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CBSSports.com National Columnist

Mavs had best player, better finishers, better team


MIAMI -- The Dallas Mavericks are the 2011 NBA champions because their team is a real team, and because their superstar is a real superstar. And if I have to connect the dots for you, fine: The Heat have neither. Neither a real team, nor a real superstar. Not on this night. Not in this whole series.

Real teams react to adversity like Dallas reacted in Game 6, and real superstars do the heaviest lifting in the fourth quarter. That was Dallas, and that was Dirk Nowitzki, during a 105-95 title-clinching victory in Game 6. And here are some more dots for you: It wasn't Miami or its superstars, LeBron James and Dwyane Wade, who were mediocre before leading the Heat's late fold in a 10-point loss at home.

The Mavericks' adversity Sunday centered on their superstar. It's all connected in a cool kind of way, because Nowitzki was awful for most of the game, but he was great late -- and his teammates didn't fall apart when he was 1-for-12 in the first half, and 4-for-21 early in the fourth quarter.

Miami? That team looked into the abyss and blinked. Then collapsed. With James shrinking throughout the series -- first in the fourth quarter in the first three games, then for all of Game 4, then for large portions of Games 5 and 6 -- the Heat crumbled. They had one Plan B, and only one. Give the ball to Wade and hope he can do what LeBron had done against Boston and Chicago: Hope that D-Wade could be enough of a one-man team to mask the fact that Miami wasn't a team at all. Just a collection of talent with no cohesion, no clue.

No mental stamina.

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Dallas? It was cohesive like an adhesive. This team stuck together through the hard parts of this series, never more impressively than in Game 6, when its best player was terrible and the rest of the team ... just ... didn't ... care.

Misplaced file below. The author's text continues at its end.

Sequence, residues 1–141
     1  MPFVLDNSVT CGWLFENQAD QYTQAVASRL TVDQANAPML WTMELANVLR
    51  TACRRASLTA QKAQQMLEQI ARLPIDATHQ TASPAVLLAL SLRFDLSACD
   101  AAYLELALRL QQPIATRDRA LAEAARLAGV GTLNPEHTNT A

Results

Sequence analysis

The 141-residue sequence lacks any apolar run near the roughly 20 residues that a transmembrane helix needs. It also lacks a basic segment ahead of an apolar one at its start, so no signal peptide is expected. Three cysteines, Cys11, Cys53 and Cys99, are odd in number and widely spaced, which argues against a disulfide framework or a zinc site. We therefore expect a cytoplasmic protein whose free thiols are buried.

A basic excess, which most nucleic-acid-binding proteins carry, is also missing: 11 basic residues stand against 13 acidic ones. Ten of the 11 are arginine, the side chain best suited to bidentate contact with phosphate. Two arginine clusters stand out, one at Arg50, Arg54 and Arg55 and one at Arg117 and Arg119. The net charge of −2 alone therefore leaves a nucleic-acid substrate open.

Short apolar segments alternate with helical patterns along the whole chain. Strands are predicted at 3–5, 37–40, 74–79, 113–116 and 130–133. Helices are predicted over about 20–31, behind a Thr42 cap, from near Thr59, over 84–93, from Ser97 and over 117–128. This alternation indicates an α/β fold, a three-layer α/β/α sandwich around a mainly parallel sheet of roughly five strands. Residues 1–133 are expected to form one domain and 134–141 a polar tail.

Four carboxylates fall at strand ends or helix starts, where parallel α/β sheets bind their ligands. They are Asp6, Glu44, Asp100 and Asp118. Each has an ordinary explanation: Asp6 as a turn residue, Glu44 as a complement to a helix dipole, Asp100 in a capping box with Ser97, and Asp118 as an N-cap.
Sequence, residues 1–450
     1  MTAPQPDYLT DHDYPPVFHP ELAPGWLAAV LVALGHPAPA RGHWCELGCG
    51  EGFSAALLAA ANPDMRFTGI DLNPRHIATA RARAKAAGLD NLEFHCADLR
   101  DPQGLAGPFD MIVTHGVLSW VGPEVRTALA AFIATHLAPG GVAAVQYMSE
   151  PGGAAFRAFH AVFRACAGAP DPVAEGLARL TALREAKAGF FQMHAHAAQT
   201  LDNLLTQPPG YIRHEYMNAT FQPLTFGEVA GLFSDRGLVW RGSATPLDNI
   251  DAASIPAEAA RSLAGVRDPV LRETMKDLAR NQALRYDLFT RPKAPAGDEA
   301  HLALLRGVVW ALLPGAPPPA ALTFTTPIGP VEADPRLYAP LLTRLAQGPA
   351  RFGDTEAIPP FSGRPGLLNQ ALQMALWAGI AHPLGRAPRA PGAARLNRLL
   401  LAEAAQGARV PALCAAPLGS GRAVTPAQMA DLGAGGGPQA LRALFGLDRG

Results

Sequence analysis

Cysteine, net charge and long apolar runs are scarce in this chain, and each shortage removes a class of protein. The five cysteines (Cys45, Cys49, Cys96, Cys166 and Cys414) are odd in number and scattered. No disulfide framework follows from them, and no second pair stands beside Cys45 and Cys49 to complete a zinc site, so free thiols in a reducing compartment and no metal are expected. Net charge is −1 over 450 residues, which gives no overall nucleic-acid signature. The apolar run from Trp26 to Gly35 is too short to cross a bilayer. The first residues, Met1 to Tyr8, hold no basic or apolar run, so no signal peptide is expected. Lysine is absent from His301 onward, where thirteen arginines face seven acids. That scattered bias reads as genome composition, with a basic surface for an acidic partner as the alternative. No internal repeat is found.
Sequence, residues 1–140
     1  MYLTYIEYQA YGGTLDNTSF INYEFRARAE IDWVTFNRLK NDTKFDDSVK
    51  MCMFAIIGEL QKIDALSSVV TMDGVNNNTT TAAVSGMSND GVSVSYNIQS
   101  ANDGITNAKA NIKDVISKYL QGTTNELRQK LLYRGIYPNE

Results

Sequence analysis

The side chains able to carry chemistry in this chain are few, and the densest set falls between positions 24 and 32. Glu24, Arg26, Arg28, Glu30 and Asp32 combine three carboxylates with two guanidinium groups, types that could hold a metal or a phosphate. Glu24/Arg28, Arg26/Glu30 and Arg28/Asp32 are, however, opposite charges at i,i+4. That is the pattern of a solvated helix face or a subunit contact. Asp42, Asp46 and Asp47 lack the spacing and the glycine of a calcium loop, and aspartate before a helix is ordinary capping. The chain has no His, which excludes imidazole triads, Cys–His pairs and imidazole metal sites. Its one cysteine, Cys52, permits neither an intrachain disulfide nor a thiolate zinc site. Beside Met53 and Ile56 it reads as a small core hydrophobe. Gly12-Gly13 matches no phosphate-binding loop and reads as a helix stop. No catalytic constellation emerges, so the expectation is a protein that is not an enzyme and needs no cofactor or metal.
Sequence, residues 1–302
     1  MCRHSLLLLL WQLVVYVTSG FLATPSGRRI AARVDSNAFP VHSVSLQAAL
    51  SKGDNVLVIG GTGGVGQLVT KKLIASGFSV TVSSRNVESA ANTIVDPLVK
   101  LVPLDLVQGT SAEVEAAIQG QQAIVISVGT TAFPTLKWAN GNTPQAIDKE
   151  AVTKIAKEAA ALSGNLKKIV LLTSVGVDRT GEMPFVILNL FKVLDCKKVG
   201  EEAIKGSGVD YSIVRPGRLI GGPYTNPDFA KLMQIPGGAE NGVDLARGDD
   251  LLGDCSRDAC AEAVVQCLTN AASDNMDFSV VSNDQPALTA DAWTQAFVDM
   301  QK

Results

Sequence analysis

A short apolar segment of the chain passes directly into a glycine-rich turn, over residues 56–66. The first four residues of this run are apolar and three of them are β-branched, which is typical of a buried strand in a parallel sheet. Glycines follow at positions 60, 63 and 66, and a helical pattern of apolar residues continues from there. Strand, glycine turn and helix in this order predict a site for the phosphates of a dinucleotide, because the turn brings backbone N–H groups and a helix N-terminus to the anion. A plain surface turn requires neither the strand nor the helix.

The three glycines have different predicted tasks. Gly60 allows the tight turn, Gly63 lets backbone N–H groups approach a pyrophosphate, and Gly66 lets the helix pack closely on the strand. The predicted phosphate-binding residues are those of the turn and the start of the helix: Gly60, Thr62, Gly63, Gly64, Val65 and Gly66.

Off the bench, Jason Terry scored 27 points -- including the Mavericks' last nine of the first half. In the starting lineup, the best of several mid-series adjustments by Mavs coach Rick Carlisle, J.J. Barea scored 15 points. Shawn Marion went for 12 points and eight boards. Jason Kidd had eight assists. Brian Cardinal buried a 3-pointer, had an assist and blasted James to the ground with a message-sending screen.

There's more. When Nowitzki went to the bench with two fouls in the first quarter, the Heat led 22-15. James was off to a hot start from the floor -- he made his first four shots -- and the crowd at American Airlines Arena was loving it.

But then it happened.

Dallas, the best team in this series, showed it. The Mavs got five points from Terry, a bucket from Marion, four more from Terry, and then a 3-pointer from DeShawn Stevenson near the end of the quarter. With Nowitzki still on the bench to start the second, Stevenson made two more 3-pointers -- and Dallas led 40-28.

That's a 25-6 run. Without Nowitzki.

There's more. With four points and three rebounds in 11 minutes, Ian Mahinmi outproduced Heat big men Joel Anthony and Juwan Howard (zero points, three rebounds) in 18 minutes.

"This is as mentally tough a team as I've ever been around, and I was fortunate enough to play in the '80s with those great Boston teams," Carlisle said. "And that team had four Hall of Famers. What this team was able to do with guys like Cardinal, Mahinmi, Barea -- those guys played major, major roles in a championship game."

Mahinmi might have hit the biggest shot of Game 6, a 14-footer at the third-quarter buzzer that gave the Mavs an 81-72 lead.